Send to

Choose Destination
J Am Chem Soc. 2015 Oct 14;137(40):12873-83. doi: 10.1021/jacs.5b08306. Epub 2015 Oct 2.

Reconstituting Intracellular Vesicle Fusion Reactions: The Essential Role of Macromolecular Crowding.

Author information

Department of Molecular, Cellular and Developmental Biology, University of Colorado at Boulder , Boulder, Colorado 80309, United States.


Intracellular vesicle fusion is mediated by SNAREs and Sec1/Munc18 (SM) proteins. Despite intensive efforts, the SNARE-SM mediated vesicle fusion reaction has not been faithfully reconstituted in biochemical assays. Here, we present an unexpected discovery that macromolecular crowding is required for reconstituting the vesicle fusion reaction in vitro. Macromolecular crowding is known to profoundly influence the kinetic and thermodynamic behaviors of macromolecules, but its role in membrane transport processes such as vesicle fusion remains unexplored. We introduced macromolecular crowding agents into reconstituted fusion reactions to mimic the crowded cellular environment. In this crowded assay, SNAREs and SM proteins acted in concert to drive efficient membrane fusion. In uncrowded assays, by contrast, SM proteins failed to associate with the SNAREs and the fusion rate decreased more than 30-fold, close to undetectable levels. The activities of SM proteins were strictly specific to their cognate SNARE isoforms and sensitive to biologically relevant mutations, further supporting that the crowded fusion assay accurately recapitulates the vesicle fusion reaction. Using this crowded fusion assay, we also showed that the SNARE-SM mediated fusion reaction can be modulated by two additional factors: NSF and α-SNAP. These findings suggest that the vesicle fusion machinery likely has been evolutionarily selected to function optimally in the crowded milieu of the cell. Accordingly, macromolecular crowding should constitute an integral element of any reconstituted fusion assay.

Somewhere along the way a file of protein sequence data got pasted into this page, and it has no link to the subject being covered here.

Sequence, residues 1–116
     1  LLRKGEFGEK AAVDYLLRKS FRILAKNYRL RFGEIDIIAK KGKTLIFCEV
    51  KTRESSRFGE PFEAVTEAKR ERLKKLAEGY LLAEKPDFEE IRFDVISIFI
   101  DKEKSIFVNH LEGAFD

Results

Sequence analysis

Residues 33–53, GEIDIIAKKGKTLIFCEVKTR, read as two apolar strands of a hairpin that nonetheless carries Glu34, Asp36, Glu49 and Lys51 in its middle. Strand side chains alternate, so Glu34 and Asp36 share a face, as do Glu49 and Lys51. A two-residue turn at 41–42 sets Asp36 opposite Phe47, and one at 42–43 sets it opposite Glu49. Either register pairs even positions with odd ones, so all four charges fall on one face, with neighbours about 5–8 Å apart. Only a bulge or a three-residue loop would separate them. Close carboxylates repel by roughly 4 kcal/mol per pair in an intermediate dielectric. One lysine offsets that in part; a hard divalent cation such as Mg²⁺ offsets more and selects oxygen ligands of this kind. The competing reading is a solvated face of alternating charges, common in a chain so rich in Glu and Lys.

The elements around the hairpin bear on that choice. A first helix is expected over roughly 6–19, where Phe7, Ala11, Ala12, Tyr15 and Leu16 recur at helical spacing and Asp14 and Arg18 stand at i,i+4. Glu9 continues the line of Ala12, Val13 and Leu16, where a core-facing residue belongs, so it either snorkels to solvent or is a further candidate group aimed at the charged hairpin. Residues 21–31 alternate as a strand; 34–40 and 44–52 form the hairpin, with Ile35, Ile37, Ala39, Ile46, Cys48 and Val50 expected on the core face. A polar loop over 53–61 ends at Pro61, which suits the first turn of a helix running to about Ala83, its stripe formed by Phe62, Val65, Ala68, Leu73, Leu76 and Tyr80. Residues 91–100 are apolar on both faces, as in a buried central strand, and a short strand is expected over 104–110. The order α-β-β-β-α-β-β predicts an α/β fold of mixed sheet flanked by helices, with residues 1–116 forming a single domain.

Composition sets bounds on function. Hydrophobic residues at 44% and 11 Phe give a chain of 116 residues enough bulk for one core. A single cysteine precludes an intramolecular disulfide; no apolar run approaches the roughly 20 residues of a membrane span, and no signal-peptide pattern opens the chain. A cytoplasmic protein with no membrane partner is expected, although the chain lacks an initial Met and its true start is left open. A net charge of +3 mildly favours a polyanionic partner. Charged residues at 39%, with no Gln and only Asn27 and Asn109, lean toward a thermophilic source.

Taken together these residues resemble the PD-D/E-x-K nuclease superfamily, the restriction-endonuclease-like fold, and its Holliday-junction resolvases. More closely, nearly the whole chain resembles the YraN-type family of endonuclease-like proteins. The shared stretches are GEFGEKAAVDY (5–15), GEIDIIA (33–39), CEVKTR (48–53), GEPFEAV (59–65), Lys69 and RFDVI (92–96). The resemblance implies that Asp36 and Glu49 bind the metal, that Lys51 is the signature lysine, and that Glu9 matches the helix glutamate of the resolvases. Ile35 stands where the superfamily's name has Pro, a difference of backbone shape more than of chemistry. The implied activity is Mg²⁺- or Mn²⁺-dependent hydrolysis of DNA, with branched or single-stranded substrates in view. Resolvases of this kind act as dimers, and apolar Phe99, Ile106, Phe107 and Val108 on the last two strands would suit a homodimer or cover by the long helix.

[Indexed for MEDLINE]
Free PMC Article

Supplemental Content

Full text links

Icon for American Chemical Society Icon for PubMed Central
Loading ...
Support Center